Too much great wine around to waste time on inferior product
Cabernet Sauvignoneurs who don't wish to pay big bucks for wonderful wine and who have a wine shoppe pal willing to do a little work should look into 2014 Conner Lee Vineyard Reserve Cab Block 1029. This 40-year-old vineyard provides juice for many of Washington state's well-known producers. 2014 was a very warm year in the Columbia Valley, providing the highest-recorded tannin and color availability. Conner Lee Vineyard is a cooler site ensuring sufficient acidity to balance the warm, long growing season's pronounced ripe flavors. When this confluence occurs, Washington state Cabs show their mettle. Block 1029, is so purple, it is nearly black, and it has a black currant, floral, licorice and cedar bouquet. On the complex palate, blackberry, cherry and cassis flavors with barrel-driven mocha and vanilla. Drinkable now but will improve for a few years and cellar more than 10; 93 McD, plus price points under $30. These are several other wines I sampled that are sourced from CLV: J. Bookwalter Conflict CLV '14, 93 points; Arbor Crest CLV Cab Franc '14, 91; Ashan CLV '14, 90 points, a buttery chard; Buty CLV Chard '14, reminds me of grand cru White Burgundy. The 2011, 91 points McD, is wonderful now for those who enjoy more austere (Chablis) Chardonnay, a blending of stone fruit and tea leaf with cool-site acidity. Here are a few other wineries, whose wines I have not evaluated, that use CLV juice: Abeja Estate, Gorman Winery, Spoiled Dog (love the name). Based on those I have tried and the very large coterie who place CLV on their labels, it should be safe to buy any wine on which the name appears. But be careful, friends!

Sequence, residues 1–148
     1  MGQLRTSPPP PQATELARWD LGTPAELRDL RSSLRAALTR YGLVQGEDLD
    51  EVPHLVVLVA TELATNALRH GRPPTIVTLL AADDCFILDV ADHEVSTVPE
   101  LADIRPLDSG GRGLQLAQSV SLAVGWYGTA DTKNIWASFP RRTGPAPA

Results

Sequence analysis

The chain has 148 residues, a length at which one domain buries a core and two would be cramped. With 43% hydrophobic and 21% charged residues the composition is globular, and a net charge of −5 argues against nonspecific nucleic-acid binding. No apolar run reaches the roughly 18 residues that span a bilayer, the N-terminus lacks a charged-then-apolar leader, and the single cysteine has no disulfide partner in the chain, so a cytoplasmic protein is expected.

The winemaker is always key.
Believe it or not, there are "bad" Burgundy, Bordeaux, Napa and Sonoma wines out there, and not all Barolo and vintage Port cellars 40 years. I just don't write about those. Too much great wine to waste the print.
I touted the 2010 right bank Bordeaux St. Emilion Grand Crus over the 2009. Hope you bought some. The 2015 Bordeaux are ratcheting upward in price from opening around $60 to about $100. Some of this is driven by $ weakness but more by the quality that is starting to show. The 2016 are also killer and compare favorably to 2010, especially Pomerol and St. Emilion. Both the 2015 and '16 vintages are wonderful for those who enjoy Bordeaux profile. When a great year occurs, the Cru Bourgeois are also terrific. Smart shoppers will be able to locate great bargains. For the 2017, look at left bank, Paulliac, St. Estephe and St. Julien. That said, due to low yield, down 40-50 percent, and the dollar doldrums, you may want to look elsewhere.
How about some Italian white summer sippers under $20 to lay in for the porch, white fish and crab season? Attems, owned by Marchesi Frescobaldi, is from Venezia-Guilia IGT in Friuli. Paola, and others of the longtime reader contingent, may remember these under the Collio label several years ago. 2016 Pinot Grigio is nicely done. Attems consistently produces these in the 88-89-point range when the terroir allows, which is most vintages.
The 2016 is typically dry. Pale golden, it opens to acacia and citrus aromas. Crisp acidity supports some apricot and more acacia on the palate. Finishes cleanly, 89 McD under $20. Attems Sauvignon Venezia-Giulia IGT 2016, also from Friuli, Italy, is an interesting SB. I was surprised to find some apricot hidden away among the peach on the crisp, tangy palate. The cliff notes from the producer claimed there was tomato in the nose; I could not discern it. Perhaps it was colder than they recommend. The nose was slightly herbal but not that typical SB taint.
A very well-balanced fruit-to-acidity wine that went well with seared scallops and asparagus. I'm normally reluctant to pair with asparagus, but it was recommended by the producer. As you are well aware, the asparagus in our markets is young, thin and mild. They paired very well with Attems Sauvignon 2016, 88 McD.